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I want my native applications (android/ios) to have a keypair (RSA or ECIES) so that certain data on requests to my API can be encrypted. I want each client to have a unique keypair. The device will register that keypair with my API and it will be locked down to the unique fingerprint of that device.

I have two options for key generation. The first option is to generate key pairs server side signed with some intermediate cert and deliver these to the application. All API calls are TLS encrypted.

The second option would be to have the app generate key pairs locally. This means the private key does not need to be transmitted, but these keys will be 'self-signed'.

Since my use case is largely to lock down API requests to registered devices, is there any security benefit to generating key pairs server side?

  • Why do you think that not generating the key on the server means that it will have to be self signed? – Joseph Sible-Reinstate Monica Oct 29 '19 at 16:30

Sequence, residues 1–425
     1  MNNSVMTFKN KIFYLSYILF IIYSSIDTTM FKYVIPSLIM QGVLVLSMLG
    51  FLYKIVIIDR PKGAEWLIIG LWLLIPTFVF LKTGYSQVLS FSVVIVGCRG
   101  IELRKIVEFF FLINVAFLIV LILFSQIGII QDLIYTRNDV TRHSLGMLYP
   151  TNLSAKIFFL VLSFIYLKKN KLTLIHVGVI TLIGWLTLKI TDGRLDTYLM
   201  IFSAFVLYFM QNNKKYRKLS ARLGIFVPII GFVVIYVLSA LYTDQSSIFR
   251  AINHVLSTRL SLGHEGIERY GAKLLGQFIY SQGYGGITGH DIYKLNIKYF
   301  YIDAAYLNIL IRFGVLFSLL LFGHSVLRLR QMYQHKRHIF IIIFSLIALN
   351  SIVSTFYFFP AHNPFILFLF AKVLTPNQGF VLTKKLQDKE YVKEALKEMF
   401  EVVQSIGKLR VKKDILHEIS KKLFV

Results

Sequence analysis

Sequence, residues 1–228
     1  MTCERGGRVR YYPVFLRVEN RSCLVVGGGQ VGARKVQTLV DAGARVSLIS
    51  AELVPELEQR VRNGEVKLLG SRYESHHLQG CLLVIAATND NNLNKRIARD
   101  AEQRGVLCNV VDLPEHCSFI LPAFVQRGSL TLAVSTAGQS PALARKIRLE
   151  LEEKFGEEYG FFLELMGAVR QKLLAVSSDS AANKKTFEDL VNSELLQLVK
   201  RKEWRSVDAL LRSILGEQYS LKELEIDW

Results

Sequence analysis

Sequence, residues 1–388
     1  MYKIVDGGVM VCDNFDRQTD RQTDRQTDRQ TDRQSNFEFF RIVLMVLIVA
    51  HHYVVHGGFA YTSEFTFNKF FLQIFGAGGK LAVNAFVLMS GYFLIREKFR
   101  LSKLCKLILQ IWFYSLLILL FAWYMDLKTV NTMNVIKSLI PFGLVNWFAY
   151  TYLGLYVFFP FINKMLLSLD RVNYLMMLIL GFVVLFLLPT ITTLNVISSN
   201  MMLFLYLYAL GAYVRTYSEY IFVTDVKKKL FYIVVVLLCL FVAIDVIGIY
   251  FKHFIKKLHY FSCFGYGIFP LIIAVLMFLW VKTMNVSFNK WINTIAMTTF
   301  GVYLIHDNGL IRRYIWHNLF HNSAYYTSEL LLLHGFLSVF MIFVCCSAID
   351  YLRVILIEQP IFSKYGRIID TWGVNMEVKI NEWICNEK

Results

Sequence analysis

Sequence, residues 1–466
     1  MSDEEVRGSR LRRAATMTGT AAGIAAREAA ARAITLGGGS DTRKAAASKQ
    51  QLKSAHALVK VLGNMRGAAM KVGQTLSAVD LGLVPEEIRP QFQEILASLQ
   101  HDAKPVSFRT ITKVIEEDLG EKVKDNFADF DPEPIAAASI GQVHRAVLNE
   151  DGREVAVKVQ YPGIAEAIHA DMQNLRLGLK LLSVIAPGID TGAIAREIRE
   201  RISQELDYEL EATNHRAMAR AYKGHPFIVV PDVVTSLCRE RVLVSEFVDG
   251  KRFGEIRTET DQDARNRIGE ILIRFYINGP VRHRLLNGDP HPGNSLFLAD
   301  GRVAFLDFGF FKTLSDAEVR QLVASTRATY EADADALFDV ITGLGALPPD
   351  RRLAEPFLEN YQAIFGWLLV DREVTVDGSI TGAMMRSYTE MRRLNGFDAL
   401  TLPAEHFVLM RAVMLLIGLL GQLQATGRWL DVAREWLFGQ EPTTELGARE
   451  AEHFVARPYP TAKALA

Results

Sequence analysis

• We could deliver a signing key with the app itself but that might as well be public. How would I be able to protect a signing key if the client needs it to generate keys? – Tom L. Oct 29 '19 at 22:27
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    Have the client generate a keypair, then send just the public key to the server to get it signed? – Joseph Sible-Reinstate Monica Oct 29 '19 at 22:28
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You absolutely don't need to generate a key pair on the server-side. In fact, this is the last thing you want to do.

Generating the keys on the mobile side means that the private key NEVER leaves the device and only the public key gets shared with the server, which minimizes the exposure of the private key.

Public key becomes a fingerprint of the device as you requested.

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